Knowing data will define the future, we built a living lab.

As our 2021 U.S. Workplace Summer Survey emphasizes, younger generations have been struggling the most with engagement, as they are those most in need of in-person mentorship. Exclusively remote work has been taking a toll and causing high levels of stress and burnout. A majority of our team members reported that forging connections with team members was the primary reason for coming back into the office.

It is crucial that teams feel welcome, inspired, energized, and included in the workplace to increase and maintain engagement. To solve for this, we crafted an on-demand workplace, providing more attention to detail for not only visitors, but also for staff. One way in which this manifests is in our implementation of a concierge-style approach to reception, a strategy that creates a welcoming first impression and serves as an invaluable resource for issues like seat assignment, technology usage, and hospitality functions, such as meals and events.

Our team also felt strongly about harnessing real-time data to validate our design decisions. So, we used Gensler’s proprietary Intelligent Places technology to embed sensors and spatial intelligence into the office architecture. This decision allows us to capture in real time how the office is being used. A dashboard located in reception offers a quick snapshot as to what spaces are occupied, and our workplace strategy team can access comprehensive data sets to help us adjust our office environment based on what teams need.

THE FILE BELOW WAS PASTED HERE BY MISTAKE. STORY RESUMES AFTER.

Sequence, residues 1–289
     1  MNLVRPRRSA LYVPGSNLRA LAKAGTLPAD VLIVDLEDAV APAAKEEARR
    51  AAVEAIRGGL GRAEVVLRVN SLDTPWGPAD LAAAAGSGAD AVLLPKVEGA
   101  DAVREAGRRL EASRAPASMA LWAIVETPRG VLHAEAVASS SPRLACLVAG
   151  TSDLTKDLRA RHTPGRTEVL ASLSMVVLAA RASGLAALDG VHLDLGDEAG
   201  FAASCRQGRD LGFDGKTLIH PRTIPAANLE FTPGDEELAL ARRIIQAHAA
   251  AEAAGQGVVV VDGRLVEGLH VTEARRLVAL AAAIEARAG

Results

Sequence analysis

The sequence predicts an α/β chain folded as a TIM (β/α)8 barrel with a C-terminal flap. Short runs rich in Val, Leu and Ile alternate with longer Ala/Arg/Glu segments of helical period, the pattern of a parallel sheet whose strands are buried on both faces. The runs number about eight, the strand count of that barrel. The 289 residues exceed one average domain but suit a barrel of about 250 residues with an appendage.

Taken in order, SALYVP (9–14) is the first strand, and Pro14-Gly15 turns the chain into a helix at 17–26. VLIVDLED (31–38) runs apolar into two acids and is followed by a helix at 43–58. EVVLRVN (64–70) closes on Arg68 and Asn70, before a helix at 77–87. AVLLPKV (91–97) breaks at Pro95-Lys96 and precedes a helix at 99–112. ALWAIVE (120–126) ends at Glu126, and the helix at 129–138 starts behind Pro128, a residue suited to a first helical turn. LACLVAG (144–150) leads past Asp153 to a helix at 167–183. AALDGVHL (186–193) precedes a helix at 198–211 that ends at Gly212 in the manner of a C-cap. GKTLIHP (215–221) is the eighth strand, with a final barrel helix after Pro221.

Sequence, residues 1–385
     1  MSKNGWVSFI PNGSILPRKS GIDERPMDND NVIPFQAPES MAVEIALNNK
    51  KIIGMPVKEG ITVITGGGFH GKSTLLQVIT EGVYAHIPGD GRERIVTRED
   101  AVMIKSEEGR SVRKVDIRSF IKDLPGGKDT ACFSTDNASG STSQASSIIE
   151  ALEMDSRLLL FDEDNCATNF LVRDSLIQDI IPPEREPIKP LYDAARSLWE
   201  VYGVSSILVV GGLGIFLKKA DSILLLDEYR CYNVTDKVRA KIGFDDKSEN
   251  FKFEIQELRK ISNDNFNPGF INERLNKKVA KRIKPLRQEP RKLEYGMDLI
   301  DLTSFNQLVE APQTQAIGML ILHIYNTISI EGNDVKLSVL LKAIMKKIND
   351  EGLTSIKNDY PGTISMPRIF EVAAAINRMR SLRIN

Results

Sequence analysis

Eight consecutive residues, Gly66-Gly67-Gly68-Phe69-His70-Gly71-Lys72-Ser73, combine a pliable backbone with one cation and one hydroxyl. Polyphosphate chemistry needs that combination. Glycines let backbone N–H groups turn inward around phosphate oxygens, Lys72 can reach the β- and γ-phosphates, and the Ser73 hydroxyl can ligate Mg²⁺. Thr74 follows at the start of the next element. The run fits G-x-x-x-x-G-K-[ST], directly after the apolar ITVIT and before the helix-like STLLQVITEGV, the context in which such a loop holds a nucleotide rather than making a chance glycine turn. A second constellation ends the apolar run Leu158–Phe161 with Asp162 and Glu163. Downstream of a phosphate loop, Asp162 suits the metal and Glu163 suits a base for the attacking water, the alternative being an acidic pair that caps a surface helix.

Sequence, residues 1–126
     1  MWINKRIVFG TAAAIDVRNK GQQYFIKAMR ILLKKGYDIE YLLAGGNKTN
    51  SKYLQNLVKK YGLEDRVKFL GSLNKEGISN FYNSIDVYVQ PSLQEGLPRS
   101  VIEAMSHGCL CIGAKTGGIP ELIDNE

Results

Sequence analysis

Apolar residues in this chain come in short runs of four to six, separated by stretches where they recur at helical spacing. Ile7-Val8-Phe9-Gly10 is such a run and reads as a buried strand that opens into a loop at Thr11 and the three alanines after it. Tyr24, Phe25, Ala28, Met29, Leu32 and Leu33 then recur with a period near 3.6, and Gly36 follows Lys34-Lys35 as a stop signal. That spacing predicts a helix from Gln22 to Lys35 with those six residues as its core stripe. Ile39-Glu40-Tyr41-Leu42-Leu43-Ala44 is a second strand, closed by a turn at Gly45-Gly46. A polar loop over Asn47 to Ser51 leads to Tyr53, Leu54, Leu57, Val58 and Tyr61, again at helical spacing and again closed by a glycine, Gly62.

Moving forward, if the data shows we need more meeting spaces, or if an area of the office is underutilized, we will be able to pivot quickly and make the appropriate changes. The strategy all comes back to how we can best support our people. The more informed we are about how their needs evolve over time, the better.

A woman standing next to a man sitting at a desk.

To boost engagement and enrich workplace culture, we brought the Gensler mission to life.

The impacts of climate change are especially urgent in the Miami area. In partnership with local universities, our team is heavily invested in research around sustainability and resilience with respect to extreme weather events and sea level rise. Brand design is a key tool with which to tell this story and drive engagement. For the new office, we created both subtle and attention-grabbing touchpoints throughout the space, using environmental graphics to serve as a catalyst for conversation around climate action within our industry.

The touchpoints are a daily call to action for how we, as designers, have a major role to play in reducing the carbon footprint of the built environment and shoring up our communities against climate change. The brand helps to shape how we learn about, socialize, and emphasize what we value as a team and what it means for our clients.

A group of people sitting at tables.

As technology continues its perpetual evolution, so too will the relationship between people and spaces. What we know for certain is this: The space we have designed to meet this moment is working, and we have imbued it with the purpose, engagement, and flexibility it will need to continue working long into the future. We still have much to learn, and we can’t wait to uncover more answers as we continue to design at the cutting edge of the modern workplace.

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Corina Ocanto
Corina is a design strategist and researcher helping clients across practice areas tell their stories and connect spaces with people. She is passionate about research-informed design, helping teams use the best tools and resources to bring customized solutions to every client. Corina is based in Miami. Contact her at .